True, architecture is always political, which some will insist very much inseparable with ego. And it continues to be so despite the 9/11 tragedy.

    Just take a look at this site:
    https://architecture.about.com/library/bltall.htm

    It has a concise compilation of incoming tallest building for near future. Yeah. The race is still going on. I won't be surprised if none of them ponders about the risk of "What if my building will become the next terrorists' target?"

    History shall repeat itself? I hope not. I'd rather blame people who don't learn from their mistake.

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  3. At 09:51 AM on 03 Oct 2006, jason wrote:

    Ta for mentioning vhemt.org :)

    mmm, if only cities had more places like vauxhall pleasure gardens ...


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  4. At 08:13 PM on 03 Oct 2006, Jonathan Raisin wrote:

    Firstly; thanks for a great sequence of articles. All fascinating and, as you talked of in relation to China in the last piece, perhaps only possible from the perspective of a newly 'developing', non-European, world...?
    We cannot help, in England, but to live, to some extent or another, in the past...

    The 'politics... of soaring glass and steel'?

    At first sight, yes... there is, as fitz says, the tower of babel story- human hubris ripe for a/'the' fall... And in relation to America at the beginning of the C21st, this seems increasingly inescapable... overreaching power and ambition coming to the end of its days. (as an aside, I read recently Arnold Toynbee on the techniques of imperial Rome in its final days - "the roman establishment... fought shy of taking direct responsibility for the administration of the territories that it had turned into political vacuums by destroying their previous governments." - Sounds familiar?).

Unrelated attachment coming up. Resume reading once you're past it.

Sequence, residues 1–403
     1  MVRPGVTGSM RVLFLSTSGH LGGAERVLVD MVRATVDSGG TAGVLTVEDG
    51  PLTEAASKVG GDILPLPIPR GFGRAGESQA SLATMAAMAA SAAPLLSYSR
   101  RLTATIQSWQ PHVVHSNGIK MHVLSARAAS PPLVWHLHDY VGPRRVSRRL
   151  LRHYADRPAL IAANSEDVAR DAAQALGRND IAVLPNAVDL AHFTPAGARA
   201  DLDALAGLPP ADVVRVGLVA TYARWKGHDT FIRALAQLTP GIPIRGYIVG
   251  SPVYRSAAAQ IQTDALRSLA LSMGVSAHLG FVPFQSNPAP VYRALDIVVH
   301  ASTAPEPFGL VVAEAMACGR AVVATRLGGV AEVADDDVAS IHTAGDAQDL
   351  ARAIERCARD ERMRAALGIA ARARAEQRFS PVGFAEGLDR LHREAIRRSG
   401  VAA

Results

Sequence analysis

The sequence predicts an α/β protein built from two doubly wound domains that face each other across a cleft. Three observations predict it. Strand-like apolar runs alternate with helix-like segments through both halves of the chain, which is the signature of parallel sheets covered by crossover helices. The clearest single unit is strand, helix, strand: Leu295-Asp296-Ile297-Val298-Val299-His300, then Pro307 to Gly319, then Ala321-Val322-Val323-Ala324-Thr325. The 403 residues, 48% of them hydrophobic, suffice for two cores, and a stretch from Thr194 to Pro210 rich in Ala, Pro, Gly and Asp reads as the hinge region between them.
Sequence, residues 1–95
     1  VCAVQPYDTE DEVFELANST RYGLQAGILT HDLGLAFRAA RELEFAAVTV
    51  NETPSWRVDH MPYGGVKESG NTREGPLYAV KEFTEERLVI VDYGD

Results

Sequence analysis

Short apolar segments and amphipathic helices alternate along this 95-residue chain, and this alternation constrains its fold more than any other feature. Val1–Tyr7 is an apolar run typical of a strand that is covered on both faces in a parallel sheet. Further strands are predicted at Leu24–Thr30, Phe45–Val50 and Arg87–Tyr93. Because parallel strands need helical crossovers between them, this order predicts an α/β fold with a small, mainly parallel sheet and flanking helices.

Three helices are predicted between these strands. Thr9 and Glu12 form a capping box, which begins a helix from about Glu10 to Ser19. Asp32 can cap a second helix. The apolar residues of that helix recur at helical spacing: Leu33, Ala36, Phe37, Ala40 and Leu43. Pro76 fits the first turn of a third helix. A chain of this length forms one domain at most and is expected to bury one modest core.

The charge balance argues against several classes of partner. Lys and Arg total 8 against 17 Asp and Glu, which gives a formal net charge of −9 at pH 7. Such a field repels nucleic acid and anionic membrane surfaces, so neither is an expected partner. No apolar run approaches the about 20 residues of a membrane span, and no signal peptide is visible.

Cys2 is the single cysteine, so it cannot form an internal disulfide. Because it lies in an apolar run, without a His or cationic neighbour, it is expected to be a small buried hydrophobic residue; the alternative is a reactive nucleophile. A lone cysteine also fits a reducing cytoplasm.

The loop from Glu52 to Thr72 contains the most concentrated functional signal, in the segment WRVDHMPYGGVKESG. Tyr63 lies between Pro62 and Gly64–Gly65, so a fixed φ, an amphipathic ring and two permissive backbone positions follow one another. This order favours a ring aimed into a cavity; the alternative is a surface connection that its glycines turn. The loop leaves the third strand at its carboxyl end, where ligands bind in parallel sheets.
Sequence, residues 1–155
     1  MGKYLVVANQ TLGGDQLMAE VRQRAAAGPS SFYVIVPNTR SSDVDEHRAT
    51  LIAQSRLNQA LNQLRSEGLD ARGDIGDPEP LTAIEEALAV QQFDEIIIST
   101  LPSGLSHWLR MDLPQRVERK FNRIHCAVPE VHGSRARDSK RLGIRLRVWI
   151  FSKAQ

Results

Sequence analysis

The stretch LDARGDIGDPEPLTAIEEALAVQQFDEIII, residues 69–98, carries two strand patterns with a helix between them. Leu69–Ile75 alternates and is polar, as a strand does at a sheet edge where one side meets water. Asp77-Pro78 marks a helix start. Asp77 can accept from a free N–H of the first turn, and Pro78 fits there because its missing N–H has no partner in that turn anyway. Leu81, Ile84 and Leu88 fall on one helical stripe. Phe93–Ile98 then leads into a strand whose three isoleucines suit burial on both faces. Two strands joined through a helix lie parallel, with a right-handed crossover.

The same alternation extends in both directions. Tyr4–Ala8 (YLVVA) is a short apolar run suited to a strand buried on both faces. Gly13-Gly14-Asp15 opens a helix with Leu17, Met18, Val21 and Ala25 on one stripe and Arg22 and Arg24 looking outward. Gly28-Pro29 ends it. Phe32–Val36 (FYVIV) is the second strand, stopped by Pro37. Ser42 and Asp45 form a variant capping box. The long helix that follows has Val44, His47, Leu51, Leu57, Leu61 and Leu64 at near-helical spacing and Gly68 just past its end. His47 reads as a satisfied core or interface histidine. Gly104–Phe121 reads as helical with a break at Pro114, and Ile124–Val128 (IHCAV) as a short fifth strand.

But, although the architectural language may be international, are the politics quite so universal?

    Are the new developments of Pudong, the hothouse of the current Chinese 'cultural revolution' quite as vulnerable?

    I don't know.

    I suppose what I'm thinking is that, although the statement, the ambition, contained in these buildings might be the same, the 'meaning' of a rebuilt World Trade centre site in Manhatten is different from a newly built modernist city in China... Both may be statements of intent but one comes from a wounded empire struggling to assert its dominance; the other rises afresh from a newly powerful economic force.

    September 11th 2001 may go down in history as the symbolic moment of America's fall, but are the skyscrapers of the 'east' as vulnerable as those of 'the old world'? (Dharan was targetted because of the American connection, surely...?).

    From here, in old Europe, I feel too far removed to know, but its seems less likely.

    This seems to be about the shifting of power. Of gravitational fields... Of the way the wind blows.

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  5. At 01:31 AM on 04 Oct 2006, fitz wrote:

    The two essential reasons for building high would seem to be economy (try housing all this in a tower at ground levels offices) and also glorification (there is always a challenge of who can build the biggest and the best)

    Apart from the economic factor which has credibility there is no real logic in always wanting to be bigger and better, especially when others always want to knock it down!

    Tall buildings are an irreristable target and always will be if not from terrorists then from natural phenomena.

    Maybe our tall building obsession needs to come to an end and we need new architects to design the real cities of the future. There are many examples after all in our sci -fi books.

    Building other towers to replace those lost, would seem to some sheer stupidity and yet another case of 'we won't be beaten' which seems to be a great war cry from the Bush camp. Hasn't he caused enough devastation around the world already?